There have been concerns about the differences between underwater sound fields in a temporary fiberglass‐reinforced plastic (FRP) pool and in a conventional reinforced concrete (RC) pool. A temporary FRP pool was to be used for competitions at the World Swimming Championships in Fukuoka. We considered three items as key factors for a swimming pool used for synchronized swimming: (1) the sound source itself (output level, fluctuations in frequency characteristics); (2) the effect of materials used in pool construction upon sound source installation conditions; and (3) the effect of the mth mode low‐frequency cutoff in ‘‘shallow water.’’ To improve basic problems related to the first factor, we developed a new actuator‐driven underwater sound system (YALAS), which can eliminate the effect of installation conditions for underwater speakers in the FRP pool. This new underwater system has now seen practical use in competitions. The report summarizes this new underwater sound system and compares the system with conventional systems in terms of its acoustic characteristics. The system can offer music with sufficient audibility in water. We gained a good reputation with competitors because the system showed superior performance to conventional systems in sound volume and quality, and in uniformity of sound distribution.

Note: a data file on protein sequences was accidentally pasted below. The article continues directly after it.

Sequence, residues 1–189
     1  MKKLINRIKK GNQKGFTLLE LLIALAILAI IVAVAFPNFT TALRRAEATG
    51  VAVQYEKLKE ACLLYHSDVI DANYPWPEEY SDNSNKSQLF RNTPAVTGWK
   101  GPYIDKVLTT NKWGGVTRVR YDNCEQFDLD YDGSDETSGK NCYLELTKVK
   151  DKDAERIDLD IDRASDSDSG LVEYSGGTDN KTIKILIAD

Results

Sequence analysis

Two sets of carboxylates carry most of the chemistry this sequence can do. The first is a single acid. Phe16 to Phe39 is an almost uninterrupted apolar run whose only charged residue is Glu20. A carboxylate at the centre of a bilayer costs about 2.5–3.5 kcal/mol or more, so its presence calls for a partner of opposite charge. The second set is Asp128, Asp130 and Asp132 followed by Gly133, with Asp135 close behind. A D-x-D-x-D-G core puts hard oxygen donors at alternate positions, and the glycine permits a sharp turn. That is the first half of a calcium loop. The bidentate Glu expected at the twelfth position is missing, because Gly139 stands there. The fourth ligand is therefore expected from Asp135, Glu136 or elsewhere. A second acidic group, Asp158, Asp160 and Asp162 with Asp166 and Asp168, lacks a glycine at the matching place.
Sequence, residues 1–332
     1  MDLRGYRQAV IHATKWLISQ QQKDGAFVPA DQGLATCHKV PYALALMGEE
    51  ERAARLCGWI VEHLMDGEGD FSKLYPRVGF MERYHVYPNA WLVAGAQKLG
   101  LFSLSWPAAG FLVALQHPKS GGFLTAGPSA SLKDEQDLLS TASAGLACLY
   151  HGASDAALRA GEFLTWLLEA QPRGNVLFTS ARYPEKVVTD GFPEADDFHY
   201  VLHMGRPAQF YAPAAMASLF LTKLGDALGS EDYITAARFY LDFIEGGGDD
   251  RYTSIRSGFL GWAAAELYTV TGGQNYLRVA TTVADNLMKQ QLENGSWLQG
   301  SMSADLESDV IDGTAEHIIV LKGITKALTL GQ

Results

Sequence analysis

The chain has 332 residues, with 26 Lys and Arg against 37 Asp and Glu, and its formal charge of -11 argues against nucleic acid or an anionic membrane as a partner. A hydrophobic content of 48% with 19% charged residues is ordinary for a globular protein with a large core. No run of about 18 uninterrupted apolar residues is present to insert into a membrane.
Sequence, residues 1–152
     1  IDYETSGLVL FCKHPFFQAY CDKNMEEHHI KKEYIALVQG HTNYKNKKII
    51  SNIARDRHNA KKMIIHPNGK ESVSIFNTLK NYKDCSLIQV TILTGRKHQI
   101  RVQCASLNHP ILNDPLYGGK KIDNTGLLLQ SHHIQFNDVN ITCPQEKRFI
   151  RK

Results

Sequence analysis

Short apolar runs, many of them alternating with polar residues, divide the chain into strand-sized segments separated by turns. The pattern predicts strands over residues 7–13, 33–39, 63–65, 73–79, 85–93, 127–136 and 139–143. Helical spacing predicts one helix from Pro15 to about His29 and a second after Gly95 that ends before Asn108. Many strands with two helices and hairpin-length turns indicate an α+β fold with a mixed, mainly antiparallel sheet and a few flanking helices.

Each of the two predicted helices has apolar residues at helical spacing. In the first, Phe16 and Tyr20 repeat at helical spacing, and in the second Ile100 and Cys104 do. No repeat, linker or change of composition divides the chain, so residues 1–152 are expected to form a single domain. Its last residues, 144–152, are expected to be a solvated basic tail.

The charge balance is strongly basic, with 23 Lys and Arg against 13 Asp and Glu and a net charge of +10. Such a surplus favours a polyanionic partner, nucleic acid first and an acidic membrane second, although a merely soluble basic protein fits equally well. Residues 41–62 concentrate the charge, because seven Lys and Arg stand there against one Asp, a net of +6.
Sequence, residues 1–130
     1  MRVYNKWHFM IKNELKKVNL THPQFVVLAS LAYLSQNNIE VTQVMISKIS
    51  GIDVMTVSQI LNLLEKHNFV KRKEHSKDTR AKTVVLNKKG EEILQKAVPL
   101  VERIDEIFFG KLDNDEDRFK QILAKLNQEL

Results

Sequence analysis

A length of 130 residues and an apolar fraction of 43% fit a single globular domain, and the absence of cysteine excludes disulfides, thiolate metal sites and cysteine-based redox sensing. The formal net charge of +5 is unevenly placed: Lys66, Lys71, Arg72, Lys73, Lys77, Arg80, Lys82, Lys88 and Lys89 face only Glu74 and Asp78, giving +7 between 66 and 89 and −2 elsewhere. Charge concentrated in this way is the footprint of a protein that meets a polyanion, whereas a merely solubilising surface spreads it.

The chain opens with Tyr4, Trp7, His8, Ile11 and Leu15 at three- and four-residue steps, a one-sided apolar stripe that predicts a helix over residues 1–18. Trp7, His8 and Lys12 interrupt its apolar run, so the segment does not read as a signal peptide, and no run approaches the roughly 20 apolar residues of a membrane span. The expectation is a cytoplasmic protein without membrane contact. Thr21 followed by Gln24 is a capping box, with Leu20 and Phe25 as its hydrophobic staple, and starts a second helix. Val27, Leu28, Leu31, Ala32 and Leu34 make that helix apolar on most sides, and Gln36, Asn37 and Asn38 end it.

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New underwater sound system for synchronized swimming: The 9th International Swimming Federation Championships
Takayuki Watanabe, Shinji Kishinaga, Tokuzo Fukamachi, Osamu Maeda; New underwater sound system for synchronized swimming: The 9th International Swimming Federation Championships. J. Acoust. Soc. Am. 1 November 2006; 120 (5_Supplement): 3279. https://doi.org/10.1121/1.4777321
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